Ludovika was a dutiful mother to Sisi and her seven siblings, and her attempts to improve her children’s prospects looked to have paid off when her daughter Helene (pictured left with her younger sister) was chosen as a suitable bride for the Austrian Emperor Franz Joseph - whose mother Sophie was also Ludovika’s sister.
However the best laid plans and all that... Franz Joseph fell in love with fifteen year-old Sisi at first sight (even though she had only travelled to accompany her mother and sister). Their engagement was announced the following day, and the couple married in Vienna in April 1854.
Seemingly, Elisabeth rarely posed for pictures with her children, but here she is with Rudolf and Gisela.
Her children were taken into the care of her mother-in-law and the relationship between the pair deteriorated quickly as a result. For his part, Franz Joseph spent a lot of time away from his family and, although he was kind-natured, he was paradoxically both a reserved man and an arrogant womaniser.
By 1860, rumours of her husband’s affairs surfaced and feeling both betrayed and unwell (due to a mystery illness that was passed off as tuberculosis, but was more likely to have been sexually transmitted), Sisi left Vienna and travelled widely over the years that followed.
Sisi had a strong affection for Hungary – partly because her mother-in-law didn’t! – and when a political crisis in Austria resulted in the formation of a joint monarchy with Hungary in 1866, Elisabeth played a major part in supporting the arrangement which ultimately led to her husband being crowned King of Hungary in 1867.
Her appearance, and undeniably privileged life hid a great deal of sadness however. Her daughter Sophie died aged just two years old. A decade later, her brother-in-law Emperor Maximillian of Mexico was assassinated, and his wife went insane; and then one of her closest friends, King Ludwig II of Bavaria mysteriously drowned after also suffering from mental illness. But it was the murder-suicide of her (at the time estranged) son Rudolf and his mistress Mary Vetsera in 1889 that had the greatest emotional impact on the Empress.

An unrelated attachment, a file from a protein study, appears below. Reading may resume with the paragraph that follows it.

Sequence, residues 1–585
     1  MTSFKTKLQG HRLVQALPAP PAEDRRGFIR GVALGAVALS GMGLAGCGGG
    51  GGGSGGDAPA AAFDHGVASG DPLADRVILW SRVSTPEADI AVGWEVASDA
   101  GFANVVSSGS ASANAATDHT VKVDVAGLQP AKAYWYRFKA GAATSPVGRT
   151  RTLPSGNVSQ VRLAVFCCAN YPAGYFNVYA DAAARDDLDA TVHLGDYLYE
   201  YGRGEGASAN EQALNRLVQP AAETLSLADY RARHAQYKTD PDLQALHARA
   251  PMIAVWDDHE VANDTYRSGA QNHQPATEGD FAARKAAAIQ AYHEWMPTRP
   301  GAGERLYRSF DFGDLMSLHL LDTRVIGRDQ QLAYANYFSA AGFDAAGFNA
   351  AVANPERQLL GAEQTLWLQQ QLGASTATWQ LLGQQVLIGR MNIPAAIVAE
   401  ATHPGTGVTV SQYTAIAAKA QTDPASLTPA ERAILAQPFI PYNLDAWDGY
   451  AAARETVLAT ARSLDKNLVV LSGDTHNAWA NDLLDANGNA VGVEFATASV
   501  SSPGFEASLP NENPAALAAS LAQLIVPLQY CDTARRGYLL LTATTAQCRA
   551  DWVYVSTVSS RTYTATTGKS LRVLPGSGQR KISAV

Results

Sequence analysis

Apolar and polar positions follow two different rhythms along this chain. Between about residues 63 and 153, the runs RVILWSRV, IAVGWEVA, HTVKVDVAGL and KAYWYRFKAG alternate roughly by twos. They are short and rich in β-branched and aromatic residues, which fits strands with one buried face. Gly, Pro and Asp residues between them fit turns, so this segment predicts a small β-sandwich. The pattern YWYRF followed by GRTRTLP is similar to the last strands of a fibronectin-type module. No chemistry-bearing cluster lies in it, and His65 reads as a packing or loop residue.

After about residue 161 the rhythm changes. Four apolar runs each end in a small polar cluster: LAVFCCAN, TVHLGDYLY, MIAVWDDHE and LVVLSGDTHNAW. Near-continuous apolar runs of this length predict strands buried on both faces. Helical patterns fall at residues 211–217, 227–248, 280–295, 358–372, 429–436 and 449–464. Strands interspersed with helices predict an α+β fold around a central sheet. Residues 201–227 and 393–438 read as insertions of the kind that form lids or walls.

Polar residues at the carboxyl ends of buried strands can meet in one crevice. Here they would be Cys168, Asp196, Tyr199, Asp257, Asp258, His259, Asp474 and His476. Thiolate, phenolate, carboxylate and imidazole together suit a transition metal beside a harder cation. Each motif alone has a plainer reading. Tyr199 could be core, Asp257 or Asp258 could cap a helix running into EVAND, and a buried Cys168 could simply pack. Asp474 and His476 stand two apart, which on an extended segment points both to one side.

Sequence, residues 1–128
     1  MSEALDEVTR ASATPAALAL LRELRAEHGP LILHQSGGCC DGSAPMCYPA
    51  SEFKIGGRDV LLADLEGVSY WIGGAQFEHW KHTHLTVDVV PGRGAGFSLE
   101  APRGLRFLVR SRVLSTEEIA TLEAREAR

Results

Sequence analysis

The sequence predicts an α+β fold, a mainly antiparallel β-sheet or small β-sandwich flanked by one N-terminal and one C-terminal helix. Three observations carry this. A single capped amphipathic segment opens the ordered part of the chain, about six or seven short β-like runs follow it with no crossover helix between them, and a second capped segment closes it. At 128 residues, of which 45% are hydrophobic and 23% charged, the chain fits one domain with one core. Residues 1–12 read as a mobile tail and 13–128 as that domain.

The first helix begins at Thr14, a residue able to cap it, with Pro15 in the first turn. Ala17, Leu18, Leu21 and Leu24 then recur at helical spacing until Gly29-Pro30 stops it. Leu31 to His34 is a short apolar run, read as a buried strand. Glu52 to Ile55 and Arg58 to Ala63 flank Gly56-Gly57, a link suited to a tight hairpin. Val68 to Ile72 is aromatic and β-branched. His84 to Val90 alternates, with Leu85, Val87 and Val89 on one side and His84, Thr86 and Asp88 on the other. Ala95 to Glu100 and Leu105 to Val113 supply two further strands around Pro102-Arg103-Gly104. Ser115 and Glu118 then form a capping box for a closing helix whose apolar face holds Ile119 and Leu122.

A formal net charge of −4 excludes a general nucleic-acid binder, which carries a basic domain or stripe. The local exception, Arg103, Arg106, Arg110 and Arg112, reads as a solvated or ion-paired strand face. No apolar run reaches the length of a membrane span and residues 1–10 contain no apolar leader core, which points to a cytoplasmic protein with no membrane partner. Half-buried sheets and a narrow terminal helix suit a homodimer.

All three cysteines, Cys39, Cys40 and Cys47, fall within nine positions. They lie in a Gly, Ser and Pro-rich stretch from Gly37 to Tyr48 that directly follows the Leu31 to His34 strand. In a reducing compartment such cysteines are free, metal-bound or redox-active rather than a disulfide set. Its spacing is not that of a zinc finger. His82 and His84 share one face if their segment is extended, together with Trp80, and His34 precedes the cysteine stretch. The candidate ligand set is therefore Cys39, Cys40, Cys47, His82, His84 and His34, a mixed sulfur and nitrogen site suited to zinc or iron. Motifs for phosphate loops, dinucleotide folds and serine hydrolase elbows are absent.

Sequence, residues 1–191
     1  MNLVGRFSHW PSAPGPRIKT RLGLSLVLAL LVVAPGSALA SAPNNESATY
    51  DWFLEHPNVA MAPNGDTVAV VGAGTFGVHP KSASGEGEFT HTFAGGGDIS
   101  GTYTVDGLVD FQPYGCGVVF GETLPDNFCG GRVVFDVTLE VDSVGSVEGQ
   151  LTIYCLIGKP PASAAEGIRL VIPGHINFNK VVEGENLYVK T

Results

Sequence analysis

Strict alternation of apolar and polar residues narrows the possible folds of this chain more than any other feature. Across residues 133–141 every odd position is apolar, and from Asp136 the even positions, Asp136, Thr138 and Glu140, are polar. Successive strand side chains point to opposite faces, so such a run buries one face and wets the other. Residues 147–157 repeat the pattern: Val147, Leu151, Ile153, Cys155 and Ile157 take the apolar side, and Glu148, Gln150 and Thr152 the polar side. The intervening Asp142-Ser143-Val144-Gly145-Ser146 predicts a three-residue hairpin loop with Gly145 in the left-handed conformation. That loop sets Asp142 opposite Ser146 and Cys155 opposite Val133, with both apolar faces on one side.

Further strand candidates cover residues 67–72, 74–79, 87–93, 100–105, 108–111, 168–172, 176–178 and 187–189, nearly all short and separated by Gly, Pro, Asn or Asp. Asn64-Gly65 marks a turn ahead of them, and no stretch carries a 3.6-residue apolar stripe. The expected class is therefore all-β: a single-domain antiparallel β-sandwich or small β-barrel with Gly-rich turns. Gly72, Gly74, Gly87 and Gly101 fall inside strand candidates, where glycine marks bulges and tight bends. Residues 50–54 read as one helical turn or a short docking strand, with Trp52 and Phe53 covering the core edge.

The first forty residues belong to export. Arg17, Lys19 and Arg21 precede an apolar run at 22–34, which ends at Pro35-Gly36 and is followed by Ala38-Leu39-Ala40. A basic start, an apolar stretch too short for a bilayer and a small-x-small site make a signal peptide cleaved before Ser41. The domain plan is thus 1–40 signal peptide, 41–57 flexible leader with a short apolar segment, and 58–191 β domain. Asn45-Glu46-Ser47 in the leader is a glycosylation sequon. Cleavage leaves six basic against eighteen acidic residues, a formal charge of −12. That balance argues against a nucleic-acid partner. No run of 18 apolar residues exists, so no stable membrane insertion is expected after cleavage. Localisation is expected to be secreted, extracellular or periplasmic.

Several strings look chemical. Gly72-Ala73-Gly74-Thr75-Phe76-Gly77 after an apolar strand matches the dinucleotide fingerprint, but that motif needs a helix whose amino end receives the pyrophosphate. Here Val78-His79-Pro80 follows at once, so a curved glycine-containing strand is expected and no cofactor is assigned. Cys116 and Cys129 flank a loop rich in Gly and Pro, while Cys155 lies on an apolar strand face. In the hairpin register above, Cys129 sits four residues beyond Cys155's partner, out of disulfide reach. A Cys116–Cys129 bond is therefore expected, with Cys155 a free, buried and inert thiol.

The misfortune continued when her sister Sophie was killed in a fire at a charity bazaar in 1897, and Sisi’s anguish and increasing loneliness manifested itself through her poetry, in which she revealed her innermost thoughts and feelings.
I wander lonely in this world
Delight and life long time averted
No confidant to share my inner self
A matching soul never revealed
Tragically destiny was to intervene one final time when Sisi was stabbed and mortally wounded by a French-born anarchist Luigi Lucheni in Geneva on this day in 1898. Lucheni’s misguided ambition was to kill a member of what he saw as the elite and oppressive upper class. His intended target was Phillippe, Duke of Orleans, but when his itinerary was changed at the last minute, Lucheni turned his attention to the other royal who happened to be in Geneva: “I struck the first crowned head that crossed my way,” were his reported words during interrogation. “I don’t care. I wanted to make an example, and I succeeded.”
The assailant ran off, and Elisabeth went aboard the vessel, genuinely believing she was unhurt. The truth was that her corset had temporarily contained the bleeding, and it was only when it was removed that the full extent of her injury became obvious. The weapon had pierced the sixty year-old’s heart... and from that moment, her demise was inevitable.
Elisabeth had almost everything anyone could have wanted from life – except the two things that her elevated position and wealth could never buy: love and happiness. A desperately sad story... and perhaps a salutary lesson to those (like me) hoping for that lottery win...